Dementia: Loss of smell may predict risk

Covid and dementia are linked in devastating ways. As type 1 spread through the population in 2020, nearly 25 percent (18,420) of those who died also had Alzheimer’s disease or another disease that causes dementia. Now, a new study has found another link and it could have implications for large swaths of the country.

The newly presented findings, which have not been published in a peer-reviewed journal, found that loss of smell during Covid may be a stronger predictor of cognitive decline, regardless of disease severity.

The preliminary findings, which qualifies experts for further research, were presented Sunday at the Alzheimer’s Association International Conference in San Diego.

Study co-author Gabriela Gonzalez Aleman, professor at Pontificia Universidad Catolica Argentina in Buenos Aires, said it was too early to tell if cognitive impairment was permanent.

The study followed 766 adults between the ages of 55 and 95 for a year after infection.

Read more: Dementia warning: New study links a popular drink in the UK to ‘impaired cognitive performance’

Nearly 90 per cent had a confirmed case of Covid and all completed regular physical, cognitive and neuropsychological tests over the course of one year.

Two-thirds of those diagnosed had some form of cognitive impairment at the end of that year. In half of the participants, the vulnerability was severe.

There are some limitations to the study. The researchers did not have solid data on the state of patients’ cognitive function before they contracted Covid in order to compare with the outcome at the end, but they asked the participants’ families about their pre-infection cognitive function and did not include people who had it. Perceptual impairment evident before the study.

The relationship between the loss of smell caused by the Covid virus and dementia requires further investigation, but evidence published elsewhere suggests that it is not a far-fetched idea.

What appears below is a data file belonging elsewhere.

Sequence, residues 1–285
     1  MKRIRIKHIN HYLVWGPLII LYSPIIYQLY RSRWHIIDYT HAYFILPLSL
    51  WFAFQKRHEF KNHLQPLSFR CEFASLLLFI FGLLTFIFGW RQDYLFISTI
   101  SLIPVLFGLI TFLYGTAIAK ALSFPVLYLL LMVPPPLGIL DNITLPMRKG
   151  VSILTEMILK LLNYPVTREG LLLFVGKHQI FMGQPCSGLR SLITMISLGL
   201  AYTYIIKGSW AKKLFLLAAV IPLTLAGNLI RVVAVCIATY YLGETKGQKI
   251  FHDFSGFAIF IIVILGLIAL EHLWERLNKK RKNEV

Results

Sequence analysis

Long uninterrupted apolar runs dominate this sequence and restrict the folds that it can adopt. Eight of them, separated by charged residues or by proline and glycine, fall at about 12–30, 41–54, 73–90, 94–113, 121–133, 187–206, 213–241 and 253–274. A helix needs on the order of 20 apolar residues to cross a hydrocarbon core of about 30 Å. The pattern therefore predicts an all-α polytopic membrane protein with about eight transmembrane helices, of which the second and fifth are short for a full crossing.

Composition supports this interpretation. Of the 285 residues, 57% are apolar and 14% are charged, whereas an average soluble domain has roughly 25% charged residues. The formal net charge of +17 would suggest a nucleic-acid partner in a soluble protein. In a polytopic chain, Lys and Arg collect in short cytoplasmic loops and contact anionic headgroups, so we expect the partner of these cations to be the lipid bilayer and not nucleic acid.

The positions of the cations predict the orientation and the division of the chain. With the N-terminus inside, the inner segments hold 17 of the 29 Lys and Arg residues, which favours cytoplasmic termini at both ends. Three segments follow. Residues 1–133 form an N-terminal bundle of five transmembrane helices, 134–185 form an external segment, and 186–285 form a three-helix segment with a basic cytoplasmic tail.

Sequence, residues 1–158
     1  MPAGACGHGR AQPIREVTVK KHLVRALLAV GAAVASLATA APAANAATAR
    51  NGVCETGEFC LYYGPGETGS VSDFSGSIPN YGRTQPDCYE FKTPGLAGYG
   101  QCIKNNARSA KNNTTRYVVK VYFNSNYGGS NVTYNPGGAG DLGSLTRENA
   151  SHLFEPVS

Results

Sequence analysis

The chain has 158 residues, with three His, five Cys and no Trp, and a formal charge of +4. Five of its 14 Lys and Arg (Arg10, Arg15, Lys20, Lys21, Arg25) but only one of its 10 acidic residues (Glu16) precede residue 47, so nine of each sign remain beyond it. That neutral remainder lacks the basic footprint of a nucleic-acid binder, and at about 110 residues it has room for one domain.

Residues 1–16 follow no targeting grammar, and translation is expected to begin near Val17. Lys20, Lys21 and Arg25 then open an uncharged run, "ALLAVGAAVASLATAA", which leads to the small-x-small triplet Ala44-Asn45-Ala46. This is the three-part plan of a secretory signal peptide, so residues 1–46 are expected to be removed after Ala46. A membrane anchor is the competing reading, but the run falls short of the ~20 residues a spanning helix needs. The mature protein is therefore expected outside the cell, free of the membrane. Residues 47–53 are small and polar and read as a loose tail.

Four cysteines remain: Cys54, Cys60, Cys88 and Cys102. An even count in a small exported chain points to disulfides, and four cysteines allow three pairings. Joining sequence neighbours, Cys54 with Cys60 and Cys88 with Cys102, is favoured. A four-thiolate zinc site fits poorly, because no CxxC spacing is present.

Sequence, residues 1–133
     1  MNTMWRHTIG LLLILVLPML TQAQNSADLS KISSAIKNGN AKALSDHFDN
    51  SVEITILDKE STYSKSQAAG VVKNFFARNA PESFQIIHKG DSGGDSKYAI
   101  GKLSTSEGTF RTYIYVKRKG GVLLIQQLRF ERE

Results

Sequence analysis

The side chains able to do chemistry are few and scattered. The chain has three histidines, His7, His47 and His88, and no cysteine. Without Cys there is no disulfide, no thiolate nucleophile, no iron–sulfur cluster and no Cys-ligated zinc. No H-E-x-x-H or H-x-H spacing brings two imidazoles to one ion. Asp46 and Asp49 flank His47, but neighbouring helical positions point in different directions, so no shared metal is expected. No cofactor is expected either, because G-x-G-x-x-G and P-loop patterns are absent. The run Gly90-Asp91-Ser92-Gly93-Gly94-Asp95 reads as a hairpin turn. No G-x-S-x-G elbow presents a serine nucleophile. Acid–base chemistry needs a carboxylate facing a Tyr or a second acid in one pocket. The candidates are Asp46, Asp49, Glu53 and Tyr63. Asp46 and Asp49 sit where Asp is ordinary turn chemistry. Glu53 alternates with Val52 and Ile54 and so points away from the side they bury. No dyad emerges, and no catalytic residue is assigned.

do not miss
The popular drink in the UK is a ‘known’ cause of cancer [ADVICE]
Heart attack: an ear sign that can predict the event [TIPS]
“It’s a Terrible Death” illness killed Randy Newman [INSIGHT]

Alzheimer’s disease, which is characterized by memory loss, is one of the most common causes of dementia.

For the study, the team tracked 364 participants from the Baltimore Longitudinal Study of Aging (BLSA) over an average period of about 2.5 years. The BLSA study, led by the NIA, is the longest-running study of healthy aging in America.

Participants were initially cognitively normal and given baseline cognitive tests, odor identification tests, and a positron emission tomography (PET) scan, a type of brain imaging that can detect deposits of amyloid beta and tau associated with Alzheimer’s disease and related dementia.

During the study period, 17 participants, or five percent of all trackers, were diagnosed with mild cognitive impairment (MCI), including 11 cases associated with Alzheimer’s disease, three cases with vascular dementia, and one with frontotemporal dementia. Two were unspecified based on clinical characteristics.

The research team found that each score with lower performance on the odor identification test was associated with a 22 percent higher chance of developing mild cognitive impairment.

This relationship remained similar even after investigators adjusted for age, gender, race, education, olfactory test transcript, apoprotein E (APOE ε4) gene status, smoking, elevated depressive symptoms, and vascular disease.

Brain PET scans of this subgroup of participants showed that lower olfactory scores were associated with higher levels of Alzheimer’s disease in the brain, particularly in areas associated with the sense of smell, including parts of the orbitofrontal cortex, and areas important for memory and learning, such as the temporal lobe.

Furthermore, participants with reduced sense of smell over time had higher levels of amyloid and tau in some areas related to olfactory function and memory.

Amyloid and tau are two key proteins thought to interfere with communication between brain cells in some types of dementia.

Leave a Reply

%d bloggers like this: